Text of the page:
This work is getting a bit complicated. I have tried both positive and negative corona, with different power levels and distances. I have read many old patents now and they describe a very easy way to measure the level of hydrophobicity; place a drop of water on the surface and look it carefully from the side and measure the angle of water drop at the point it separates from the film. Well then, I've looked these water drops with microscope and the angle is around 70...80 degrees, not quite enough according to patents. With this method, I don't have to make test coatings every time.

Now comes the interesting part; as I was making tests, one sample, to which I had given negative corona discharge for a minute or so, did show a significant difference compared to unprocessed sheet; the angle of many of the drops was something like 60 degrees, which would be enough for coating. But, I wasn't able to repeat this results, no matter what I tried -- longer or shorter treatments, different distances, both polarities.

Well then, I've read patents and they describe quite well the apparatus used. I'm going to try that next. They describe an AC voltage with a large DC offset level and positive corona; well, that's exactly what I've been doing. But they describe a totally different type of electrodes than just a wire and plate.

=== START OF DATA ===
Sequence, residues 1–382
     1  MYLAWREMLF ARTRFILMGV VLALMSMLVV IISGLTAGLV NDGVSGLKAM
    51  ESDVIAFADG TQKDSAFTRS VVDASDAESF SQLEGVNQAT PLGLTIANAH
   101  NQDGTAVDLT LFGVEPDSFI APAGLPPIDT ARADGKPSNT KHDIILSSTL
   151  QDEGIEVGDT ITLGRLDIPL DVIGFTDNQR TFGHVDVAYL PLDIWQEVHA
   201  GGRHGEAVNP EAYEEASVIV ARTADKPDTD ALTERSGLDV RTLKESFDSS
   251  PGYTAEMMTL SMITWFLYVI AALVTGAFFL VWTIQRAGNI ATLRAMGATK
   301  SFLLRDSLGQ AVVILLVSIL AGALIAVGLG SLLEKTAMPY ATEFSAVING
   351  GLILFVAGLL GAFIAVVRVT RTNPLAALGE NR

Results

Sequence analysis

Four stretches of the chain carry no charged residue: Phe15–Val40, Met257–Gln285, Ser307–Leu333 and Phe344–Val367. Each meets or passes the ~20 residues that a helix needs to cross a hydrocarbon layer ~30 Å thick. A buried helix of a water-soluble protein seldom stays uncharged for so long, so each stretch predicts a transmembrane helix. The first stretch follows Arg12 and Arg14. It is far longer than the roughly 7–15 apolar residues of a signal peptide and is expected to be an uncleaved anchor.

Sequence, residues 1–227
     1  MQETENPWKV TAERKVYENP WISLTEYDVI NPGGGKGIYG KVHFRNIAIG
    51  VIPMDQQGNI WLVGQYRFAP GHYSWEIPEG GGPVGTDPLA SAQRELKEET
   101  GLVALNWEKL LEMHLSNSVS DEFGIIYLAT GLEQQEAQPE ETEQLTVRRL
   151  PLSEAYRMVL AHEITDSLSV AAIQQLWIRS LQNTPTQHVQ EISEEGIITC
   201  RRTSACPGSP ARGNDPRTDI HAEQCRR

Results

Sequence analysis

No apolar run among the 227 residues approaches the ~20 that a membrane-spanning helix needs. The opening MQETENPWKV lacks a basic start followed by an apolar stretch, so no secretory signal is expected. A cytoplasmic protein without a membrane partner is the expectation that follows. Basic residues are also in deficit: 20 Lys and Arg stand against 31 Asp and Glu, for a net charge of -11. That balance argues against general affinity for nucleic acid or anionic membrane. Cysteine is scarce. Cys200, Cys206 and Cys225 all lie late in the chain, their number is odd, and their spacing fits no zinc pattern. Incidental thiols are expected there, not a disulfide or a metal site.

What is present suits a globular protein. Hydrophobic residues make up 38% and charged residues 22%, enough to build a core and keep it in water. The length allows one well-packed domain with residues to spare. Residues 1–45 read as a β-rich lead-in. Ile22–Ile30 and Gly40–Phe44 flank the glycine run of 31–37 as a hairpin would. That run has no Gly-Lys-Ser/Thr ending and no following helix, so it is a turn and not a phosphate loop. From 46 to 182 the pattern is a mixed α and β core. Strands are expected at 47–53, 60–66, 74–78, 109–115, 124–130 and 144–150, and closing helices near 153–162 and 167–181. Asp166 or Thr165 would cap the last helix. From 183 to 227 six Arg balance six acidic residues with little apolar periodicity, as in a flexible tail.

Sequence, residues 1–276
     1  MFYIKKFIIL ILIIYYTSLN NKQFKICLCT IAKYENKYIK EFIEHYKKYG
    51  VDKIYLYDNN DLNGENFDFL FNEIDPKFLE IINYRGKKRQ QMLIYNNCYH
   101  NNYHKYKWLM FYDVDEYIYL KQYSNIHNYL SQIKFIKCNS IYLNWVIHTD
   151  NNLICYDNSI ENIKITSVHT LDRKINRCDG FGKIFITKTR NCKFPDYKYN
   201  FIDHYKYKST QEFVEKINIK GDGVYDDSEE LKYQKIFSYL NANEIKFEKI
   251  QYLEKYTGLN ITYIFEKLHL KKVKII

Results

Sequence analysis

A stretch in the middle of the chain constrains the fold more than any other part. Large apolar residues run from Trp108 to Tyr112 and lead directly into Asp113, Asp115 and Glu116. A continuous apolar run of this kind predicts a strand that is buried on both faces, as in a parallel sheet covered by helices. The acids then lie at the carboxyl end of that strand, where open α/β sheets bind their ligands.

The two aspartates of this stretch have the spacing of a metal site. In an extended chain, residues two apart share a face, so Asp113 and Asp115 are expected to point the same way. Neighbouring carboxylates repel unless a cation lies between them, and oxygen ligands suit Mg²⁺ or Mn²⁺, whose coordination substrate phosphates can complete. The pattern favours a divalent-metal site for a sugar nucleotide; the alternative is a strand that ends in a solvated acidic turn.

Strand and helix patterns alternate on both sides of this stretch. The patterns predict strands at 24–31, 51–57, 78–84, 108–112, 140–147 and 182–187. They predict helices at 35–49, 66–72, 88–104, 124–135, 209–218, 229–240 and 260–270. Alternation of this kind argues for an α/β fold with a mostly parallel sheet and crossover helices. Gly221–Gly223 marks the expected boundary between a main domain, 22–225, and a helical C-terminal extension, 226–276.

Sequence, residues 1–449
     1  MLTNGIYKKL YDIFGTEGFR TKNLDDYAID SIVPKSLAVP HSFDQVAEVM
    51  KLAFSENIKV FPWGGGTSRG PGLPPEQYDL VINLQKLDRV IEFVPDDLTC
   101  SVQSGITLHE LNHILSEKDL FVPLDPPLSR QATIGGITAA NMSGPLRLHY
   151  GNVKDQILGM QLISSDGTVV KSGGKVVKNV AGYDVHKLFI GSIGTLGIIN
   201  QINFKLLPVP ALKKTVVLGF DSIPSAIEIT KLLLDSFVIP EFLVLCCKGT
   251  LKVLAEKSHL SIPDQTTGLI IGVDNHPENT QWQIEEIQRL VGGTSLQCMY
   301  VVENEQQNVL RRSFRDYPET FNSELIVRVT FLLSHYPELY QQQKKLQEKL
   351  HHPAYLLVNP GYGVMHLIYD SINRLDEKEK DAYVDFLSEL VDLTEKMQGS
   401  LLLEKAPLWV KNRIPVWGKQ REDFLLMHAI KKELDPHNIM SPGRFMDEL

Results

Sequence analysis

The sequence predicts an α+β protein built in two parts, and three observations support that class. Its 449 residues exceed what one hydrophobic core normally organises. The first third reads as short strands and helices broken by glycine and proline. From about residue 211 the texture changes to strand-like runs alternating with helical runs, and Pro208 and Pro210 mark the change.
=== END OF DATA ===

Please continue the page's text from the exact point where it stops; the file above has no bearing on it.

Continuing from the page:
Kirk, grounding the plate gets rid of most of the static charge but there still remains so much. At least it's fun. You can stick the sheets to walls and give them to your friends so they can get funny static jolts etc . And when you take the sheets near to any galvanometer, the needle dances around. The sheets have such a high electric field.

PE; I searched for patents by Yost and found many, and they were good resources, but didn't find the one about corona discharge causing fog. I found patents that describe corona discharge causing mottling in color coupler materials if the corona treatment is fresh. Maybe I'm just blind, or the search engine I use at my university lacks some patents? Do you have the patent number?

I also found patents about purely chemical subbing layer for PET, but it included components not readily available.